The great ice-sheets in Antarctica and Greenland holds many mysteries. David Chandler, a postdoctoral fellow at the Bjerknes Centre and NORCE, are trying together with his colleagues to unravel these mysteries. In this episode David Chandler takes Stephen Outten and Ingjald Pilskog to the Antarctica where we are discussing how global warming are melting the ice-sheet, in some places irreversibly, leading to sea level rise and life altering climate changes to people all over the globe.
David Chandler is a postdoctoral fellow at NORCE and Bjerknes Centre for Climate Research.
As a newly minted associated professor of natural science in a permanent position I finally get research time again. A part of this time is now invested in the TRELIS project, Teacher’s Research Literacy for Science teaching. The goal of the project is to bring the natural science teacher education in Norway up to speed now that it is a master study.
The first two days October 2020 was therefore spent at Dr. Holms hotel at Geilo together with 13 other persons physically present and 2-6 digitally present. Days filled with plans for how to fulfil our mission and updating everybody on where we are and what we do.
There are two work packages that relates to how teachers are working in the school, work package 4 – inquiry based teaching/learning (IBT and IBL), and work package 5 – modelling in schools. While both are interesting, and I have spent most of my adult life doing modelling work in physics, physical chemistry, geoscience and geobiochemistry, I have chosen to participate in WP-4, and thus I got to know the earthworm in the video above. This was Charlotte Askland’s example of how to teach the teacher students at Oslomet to observe, so they can start learning from nature.
While WP-4 and 5 are focused on how to do IBT/L and modelling, WP-6 is all about getting our research out to those that hopefully will use our research. Included in the project are therefore people who are working at science museums and their like, people how are traveling around showing teachers and pupils how to use new tools like micro:bit.
I have hopes for this project. For I think that if we can get teachers to really utilise the tools of IBT for IBL, then more pupils will find the joy of learning natural sciences. They can understand that while there are some absolute answers in the natural sciences, the goal of science class is not to rehearse those truths until you can recite them perfectly, but the goal is to learn how to ask the good questions. Those that bring us onward.
Språkforsker Kjersti Fløttum og klimaforsker Lea Svendsen diskuterer språkets betydning for klimadebatten og vår forståelse av verden. Kjersti Fløttum er professor ved Institutt for fremmedspråk ved UiB og leder av LINGCLIM, mens Lea Svendsen er postdoktor ved Bjerknessenteret og Geofysisk institutt ved UiB.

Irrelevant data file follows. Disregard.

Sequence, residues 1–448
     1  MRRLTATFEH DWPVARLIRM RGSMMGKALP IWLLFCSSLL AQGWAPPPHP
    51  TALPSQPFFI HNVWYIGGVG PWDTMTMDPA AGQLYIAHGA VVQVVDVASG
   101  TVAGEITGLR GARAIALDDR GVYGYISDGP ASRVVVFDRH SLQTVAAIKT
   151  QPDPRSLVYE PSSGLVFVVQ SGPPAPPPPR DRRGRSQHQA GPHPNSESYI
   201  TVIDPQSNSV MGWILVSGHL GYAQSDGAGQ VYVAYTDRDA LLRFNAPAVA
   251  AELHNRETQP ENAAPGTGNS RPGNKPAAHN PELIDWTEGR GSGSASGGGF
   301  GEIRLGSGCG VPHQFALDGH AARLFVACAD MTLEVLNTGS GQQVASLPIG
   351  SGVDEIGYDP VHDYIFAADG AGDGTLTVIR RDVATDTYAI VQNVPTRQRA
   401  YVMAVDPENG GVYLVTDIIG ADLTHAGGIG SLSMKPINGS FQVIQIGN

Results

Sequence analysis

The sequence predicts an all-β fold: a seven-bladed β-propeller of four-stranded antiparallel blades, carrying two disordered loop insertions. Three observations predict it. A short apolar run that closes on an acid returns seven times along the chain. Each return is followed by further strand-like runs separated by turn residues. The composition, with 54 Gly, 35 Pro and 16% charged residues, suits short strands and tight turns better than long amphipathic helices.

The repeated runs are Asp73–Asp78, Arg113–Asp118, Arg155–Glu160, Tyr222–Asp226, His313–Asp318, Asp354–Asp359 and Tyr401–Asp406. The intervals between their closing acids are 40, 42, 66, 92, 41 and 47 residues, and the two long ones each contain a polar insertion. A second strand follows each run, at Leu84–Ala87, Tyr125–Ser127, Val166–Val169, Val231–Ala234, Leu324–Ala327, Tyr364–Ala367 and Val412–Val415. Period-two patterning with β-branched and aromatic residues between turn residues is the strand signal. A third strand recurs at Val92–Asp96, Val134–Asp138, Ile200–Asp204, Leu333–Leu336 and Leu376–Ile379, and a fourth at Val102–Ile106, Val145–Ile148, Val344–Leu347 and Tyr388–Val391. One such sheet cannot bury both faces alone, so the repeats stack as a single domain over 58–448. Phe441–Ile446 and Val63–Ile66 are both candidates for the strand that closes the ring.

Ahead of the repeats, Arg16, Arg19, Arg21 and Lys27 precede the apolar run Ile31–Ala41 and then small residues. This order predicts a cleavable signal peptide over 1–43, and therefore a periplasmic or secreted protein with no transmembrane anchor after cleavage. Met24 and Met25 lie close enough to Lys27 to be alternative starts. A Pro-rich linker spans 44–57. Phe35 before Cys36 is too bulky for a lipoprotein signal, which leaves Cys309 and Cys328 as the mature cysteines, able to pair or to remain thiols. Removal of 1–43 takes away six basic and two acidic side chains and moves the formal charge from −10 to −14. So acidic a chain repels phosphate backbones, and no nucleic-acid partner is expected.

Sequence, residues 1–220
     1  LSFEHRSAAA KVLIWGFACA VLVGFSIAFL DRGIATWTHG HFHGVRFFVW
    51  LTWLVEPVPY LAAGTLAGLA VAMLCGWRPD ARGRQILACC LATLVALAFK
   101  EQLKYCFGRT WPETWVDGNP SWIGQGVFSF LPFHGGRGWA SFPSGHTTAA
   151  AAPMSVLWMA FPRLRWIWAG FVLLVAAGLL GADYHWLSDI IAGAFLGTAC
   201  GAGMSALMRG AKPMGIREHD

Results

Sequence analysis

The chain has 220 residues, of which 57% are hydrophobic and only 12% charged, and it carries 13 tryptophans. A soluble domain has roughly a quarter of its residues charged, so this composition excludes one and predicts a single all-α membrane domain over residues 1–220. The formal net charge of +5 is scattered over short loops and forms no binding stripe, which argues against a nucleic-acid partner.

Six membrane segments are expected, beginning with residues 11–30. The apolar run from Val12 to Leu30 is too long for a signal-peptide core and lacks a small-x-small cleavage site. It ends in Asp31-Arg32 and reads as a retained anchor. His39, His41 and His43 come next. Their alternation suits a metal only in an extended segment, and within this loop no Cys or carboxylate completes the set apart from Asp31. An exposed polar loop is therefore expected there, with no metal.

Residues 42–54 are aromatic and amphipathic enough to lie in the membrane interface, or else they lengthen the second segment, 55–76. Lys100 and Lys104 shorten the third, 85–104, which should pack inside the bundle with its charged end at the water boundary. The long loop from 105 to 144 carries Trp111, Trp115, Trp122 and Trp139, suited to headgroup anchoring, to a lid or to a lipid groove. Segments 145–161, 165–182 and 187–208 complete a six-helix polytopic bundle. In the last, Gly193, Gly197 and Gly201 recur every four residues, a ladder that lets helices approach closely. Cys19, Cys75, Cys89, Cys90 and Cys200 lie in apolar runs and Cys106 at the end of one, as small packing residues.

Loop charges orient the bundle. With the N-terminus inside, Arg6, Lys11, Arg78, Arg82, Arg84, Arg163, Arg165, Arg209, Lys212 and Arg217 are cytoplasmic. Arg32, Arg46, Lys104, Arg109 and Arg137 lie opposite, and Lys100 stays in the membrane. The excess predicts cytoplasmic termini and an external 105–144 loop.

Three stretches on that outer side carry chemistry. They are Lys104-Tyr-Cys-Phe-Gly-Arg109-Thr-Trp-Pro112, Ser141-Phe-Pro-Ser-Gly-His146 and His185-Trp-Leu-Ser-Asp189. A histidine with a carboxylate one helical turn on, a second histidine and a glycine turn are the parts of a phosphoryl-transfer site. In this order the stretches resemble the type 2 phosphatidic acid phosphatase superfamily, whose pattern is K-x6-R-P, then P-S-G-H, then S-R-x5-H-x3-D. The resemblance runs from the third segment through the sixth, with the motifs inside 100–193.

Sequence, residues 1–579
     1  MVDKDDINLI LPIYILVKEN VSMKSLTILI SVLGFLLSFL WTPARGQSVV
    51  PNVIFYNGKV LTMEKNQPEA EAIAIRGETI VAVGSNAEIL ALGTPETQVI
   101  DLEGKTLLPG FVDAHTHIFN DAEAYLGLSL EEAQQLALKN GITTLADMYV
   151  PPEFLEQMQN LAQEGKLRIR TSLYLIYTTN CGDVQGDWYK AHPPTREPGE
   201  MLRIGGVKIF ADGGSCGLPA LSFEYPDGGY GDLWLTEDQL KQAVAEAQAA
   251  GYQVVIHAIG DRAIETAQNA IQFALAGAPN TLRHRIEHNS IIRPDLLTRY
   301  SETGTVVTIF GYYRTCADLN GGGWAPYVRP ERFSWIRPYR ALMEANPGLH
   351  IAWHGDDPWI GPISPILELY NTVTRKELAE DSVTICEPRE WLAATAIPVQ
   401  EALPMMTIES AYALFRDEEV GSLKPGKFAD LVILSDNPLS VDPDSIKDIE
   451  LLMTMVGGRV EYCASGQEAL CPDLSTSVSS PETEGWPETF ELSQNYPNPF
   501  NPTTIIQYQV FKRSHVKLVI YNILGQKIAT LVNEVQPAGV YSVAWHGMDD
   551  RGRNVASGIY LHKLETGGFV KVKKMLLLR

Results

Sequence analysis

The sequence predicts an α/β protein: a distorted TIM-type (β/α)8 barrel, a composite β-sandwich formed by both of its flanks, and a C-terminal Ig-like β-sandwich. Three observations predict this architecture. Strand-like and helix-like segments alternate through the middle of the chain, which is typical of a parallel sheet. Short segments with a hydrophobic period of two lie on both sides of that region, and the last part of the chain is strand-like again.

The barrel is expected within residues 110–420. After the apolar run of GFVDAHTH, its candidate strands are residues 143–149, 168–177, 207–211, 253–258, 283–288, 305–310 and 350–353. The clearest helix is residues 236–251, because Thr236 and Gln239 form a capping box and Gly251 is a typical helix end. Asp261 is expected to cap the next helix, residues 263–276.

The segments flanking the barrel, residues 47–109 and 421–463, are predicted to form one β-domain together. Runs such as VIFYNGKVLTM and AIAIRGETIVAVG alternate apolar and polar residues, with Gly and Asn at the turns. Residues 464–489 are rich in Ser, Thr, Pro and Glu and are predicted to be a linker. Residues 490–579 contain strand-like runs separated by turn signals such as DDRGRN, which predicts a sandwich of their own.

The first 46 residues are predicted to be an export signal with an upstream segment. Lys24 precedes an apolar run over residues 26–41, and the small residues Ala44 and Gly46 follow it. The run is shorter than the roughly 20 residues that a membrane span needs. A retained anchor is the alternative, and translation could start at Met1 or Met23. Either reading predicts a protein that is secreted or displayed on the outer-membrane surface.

Programleder er Ellen Viste, rådgiver ved Bjerknessenteret for klimaforskning. Hun jobber med formidling i senteret og har bakgrunn som forsker med nedbør som spesialfelt.
Episoden er tatt opp hos UiB i Media City Bergen.
Den er redigert av Ingjald Pilskog, førsteamanuensis i naturfag ved lærerutdanningen ved Høgskulen på Vestlandet og formidler ved Bjerknessenteret for klimaforskning.
Musikken er av Lee Rosevere – Arcade Montage. Creative commons lisens B.Y. 3.0
My former office mate, Siv Kari Lauvset, got interviewed by Ellen Viste and me about her role in gathering data about carbon i the oceans and why we need it. As most of the podcasts I make it is in Norwegian.
A couple of weeks ago I attended a PodCast workshop organised by ResClim and the Bjerknes Centre for Climate Research, and led by Jack Soper.
Soper is a former BBC-producer turned freelancer. He still work for BBC, but also “run smartphone reporting training for journalists and producers and am currently visiting lecturer at both University of Westminster and City University, teaching media and journalism”, as he writes about himself on his webpage. I can highly recommend his course!
The focus on the course was on how to turn the great content that we already have, into a PodCast. As Soper stated, content is king, and we all were researchers with a lot to tell the world, but we lacked the experience on how to turning it into something that people will listen to.
The first point we needed to learn was how to write for audio. Secondly, how to do a good recording. Third step was editing. Fourth, how to get it out there.
Before the workshop started I had some ideas on what I wanted to make a PodCast about, and that was how climate models tick. During the first day though, I needed to write a short text for the webpage of the Organic project that I am part of. I therefore ended up with adapting that text to audio. Listening through it now, and discussing it with Ashley Braunthal, a fellow science communicator at SciSnack, I see that this was a bad strategy as it set some limits on how I built the text that do not work optimal. So I might revisit the topic later. I will keep it as it is for now, since it is limited how much time I have to use on it, and I want to make new PodCasts on other topics.